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Watership Down by Richard Adams


Group Members:
Ben N *since no one has stepped up as a facilitator, I wouldn't not mind being it
Dustin M
Lexi P
Catie M
Val C.*

Discussion Time:
Friday January 8th 4B 11:09-12:39

Agenda:
11:09-11:15 Discussion Facilitator and Participant's Names

11:15-11:20 Clarifying Questions

11:20-11:40 Characters *Important*

Hazel, Bigwig, Fiver
Hazel vs Bigwig
Hazel vs General Woundwort
Hazel's role as a leader
Fiver's role as the seer
Bigwig's role as the fighter
Kehaar's role
El-ahrairah
Blackberry
Dandelion
*How did Hazel utilize the skills of all of the other rabbits to lead them to safety*
- How could Hazel's leadership and General Woundwort's leadership similar, and how are they different?
°The roles of other creatures (i.e. the dog, mouse, etc.)

11:40-11:45 Narration
told mostly from the perspective of the rabbits
- Not necessarily from the perspective of the rabbits. If you read through the chapters where Dandelion was telling a story or tall tale, you will find the story written almost as a tall tale or story told by someone else. You get "hazel thought.." or bigwig thought. Its not from the perspective of the rabbits persay, but more of almost story-teller like.
Does that make sense?
*Yes, it does make sense that it's from the perspective of the story teller. The intro talks about how this was originally a story Adams told to his kids on long car rides*

11:45-11:50 Setting
four rabbit warrens in rural England-- the doomed sandleford warren, the warren full of snares, the authoritarian Efrafa, and the ideal Watership down.
°What are the similarities and differences between the four warrens?

11:50-12:10 Themes/Motifs *Important*
*I focused in on their relationships with Man. The rabbits always complained about man, yet his inventions like the railroad, boat, and Doctor's car ended up saving them in the end. Very interesting.*

*Also what about El-ahrairah? All his stories and legends? And at the end how the mothers were telling stories about Hazel as if he was El-ahrairah.*
- Only one mother was witnessed to talk about Hazel as El-ahrairah, and she was from the Efrafa Warren. Is it possible they compare Hazel to El-ahrairah because he outsmarted his enemies, and used his own wits and tricks to keep safe. And also the fact that El-ahairah cared for his people very much, and because Hazel shared that same trait, could it be possible it's just a comparison.

*And how the rabbits who tried to live out of their natural abilities ended up worse off. The first warren they went too where they met Cowslip. Also at Efrafa.*

*As I understand it, the book was written off of a story the author told to his kids. What was he trying to teach his kids through this story, or was he trying to teach them anything at all?*

Adams notes that rabbits are like humans in many ways. We should discuss in what ways this is true and to what extent it is shown throughout the book.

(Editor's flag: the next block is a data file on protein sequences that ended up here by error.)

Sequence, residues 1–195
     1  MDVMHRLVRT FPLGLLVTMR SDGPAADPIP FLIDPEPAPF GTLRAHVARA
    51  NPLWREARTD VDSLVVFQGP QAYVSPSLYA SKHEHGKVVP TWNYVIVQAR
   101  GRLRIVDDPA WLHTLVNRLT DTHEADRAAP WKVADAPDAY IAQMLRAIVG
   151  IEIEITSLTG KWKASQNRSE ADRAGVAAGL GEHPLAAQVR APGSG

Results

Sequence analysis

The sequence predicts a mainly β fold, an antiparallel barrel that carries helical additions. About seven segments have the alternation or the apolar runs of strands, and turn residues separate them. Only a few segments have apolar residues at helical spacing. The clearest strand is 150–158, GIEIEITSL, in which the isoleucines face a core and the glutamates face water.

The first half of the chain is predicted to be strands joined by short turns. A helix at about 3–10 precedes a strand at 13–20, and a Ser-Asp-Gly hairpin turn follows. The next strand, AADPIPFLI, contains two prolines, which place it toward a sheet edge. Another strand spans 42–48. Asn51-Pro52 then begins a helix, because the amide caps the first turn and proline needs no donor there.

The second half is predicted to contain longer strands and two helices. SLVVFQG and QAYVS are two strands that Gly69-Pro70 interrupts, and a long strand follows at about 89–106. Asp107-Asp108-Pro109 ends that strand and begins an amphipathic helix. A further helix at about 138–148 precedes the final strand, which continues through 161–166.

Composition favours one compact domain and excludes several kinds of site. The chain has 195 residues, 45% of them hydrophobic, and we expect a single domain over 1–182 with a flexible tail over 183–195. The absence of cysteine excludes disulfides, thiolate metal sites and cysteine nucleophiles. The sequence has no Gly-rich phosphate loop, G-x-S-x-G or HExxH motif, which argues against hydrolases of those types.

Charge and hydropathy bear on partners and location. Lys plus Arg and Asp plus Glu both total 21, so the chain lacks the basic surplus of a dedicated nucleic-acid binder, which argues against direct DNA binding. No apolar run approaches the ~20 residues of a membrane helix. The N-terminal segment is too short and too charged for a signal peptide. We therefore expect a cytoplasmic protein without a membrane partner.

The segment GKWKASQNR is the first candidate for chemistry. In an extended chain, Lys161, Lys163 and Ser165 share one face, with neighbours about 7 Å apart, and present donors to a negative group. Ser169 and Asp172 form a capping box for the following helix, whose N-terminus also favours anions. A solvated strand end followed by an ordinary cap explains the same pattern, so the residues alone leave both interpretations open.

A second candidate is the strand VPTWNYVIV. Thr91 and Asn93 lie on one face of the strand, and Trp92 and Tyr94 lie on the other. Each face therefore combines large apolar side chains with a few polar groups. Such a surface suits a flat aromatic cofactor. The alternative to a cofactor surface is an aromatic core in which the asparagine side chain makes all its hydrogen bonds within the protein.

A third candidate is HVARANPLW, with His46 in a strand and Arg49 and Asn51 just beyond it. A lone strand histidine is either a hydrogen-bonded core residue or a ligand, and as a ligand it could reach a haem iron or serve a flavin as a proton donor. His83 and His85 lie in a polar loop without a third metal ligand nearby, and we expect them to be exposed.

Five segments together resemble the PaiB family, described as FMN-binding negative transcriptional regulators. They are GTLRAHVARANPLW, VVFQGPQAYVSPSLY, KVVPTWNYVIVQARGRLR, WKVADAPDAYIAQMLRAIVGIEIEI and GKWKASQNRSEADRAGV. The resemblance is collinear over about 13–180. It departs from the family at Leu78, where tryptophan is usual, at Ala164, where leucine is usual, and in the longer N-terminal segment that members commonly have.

Individual freedom is important, but it must be balanced by social responsibility. Humans must show respect for the natural world. Peace is much more preferable to war.

12:10-12:15 Style of Writing

12:15-12:30 Significant Passages *Important*
*I have so many I'll wait for you guys to put some down*

"That's the place for us...High, lonely hills, where the wind and the sound carry and the ground's as dry as straw in a barn...That's where we have to get to."

°This one stood out to me:
“‘El-ahrairah, your people cannot rule the world, for I will not have it so. All the world will be your enemy, Prince with a Thousand Enemies, and whenever they catch you, they will kill you. But first they must catch you, digger, listener, runner, prince with the swift warning. Be cunning and full of tricks and your people shall never be destroyed’” (page 37).

12:30-12:40 Outside Resources
*The intro at the beginning of the book I found very helpful in understanding the context of the story*
*Is this an epic? This is one of the main questions I had about this story. I found it very similar to the Lord of the Rings series except in a Rabbit version. Did you guys see this? Research Carl Jung and read about his architype philosophy. I think it really relates to this book and how each of the characters Hazel brings along with him has his own role and contributes the best he can to the success of the group.*
*http://go.galegroup.com.prxy2.ursus.maine.edu/ps/retrieve.do?sgHitCountType=None&sort=RELEVANCE&inPS=true&prodId=LitRC&userGroupName=maine&tabID=T001&searchId=R1&resultListType=RESULT_LIST&contentSegment=&searchType=BasicSearchForm&currentPosition=1&contentSet=GALE|H1420075709&&docId=GALE|H1420075709&docType=GALE&role=LitRC*

*http://en.wikipedia.org/wiki/Archetype*

Protocol:
*I would really like to focus in on one character and one passage for our discussion to help carry on the overall discussion. You know, we could keep referring back to something like that. Do you guys agree?*

I agree Ben. I think we might want to focus in on Hazel and the leadership ability that he shown in becoming the leader at the Sandleford warren. I think there are a lot of instances about Hazel that we could focus our discussion on, and if you want to do that Hazel would probably be the best. I think this is a long journey and there are many points that we could talk about along the way. I think that we could also keep broad parameters and just talk about instances along that journey. We have a lot of time, so we could do both. Whatever works.

*Means comment made by Ben Nickerson*
- Comments by Lexi Pelletier
°Comments by Catie M

Audio of the Book Talk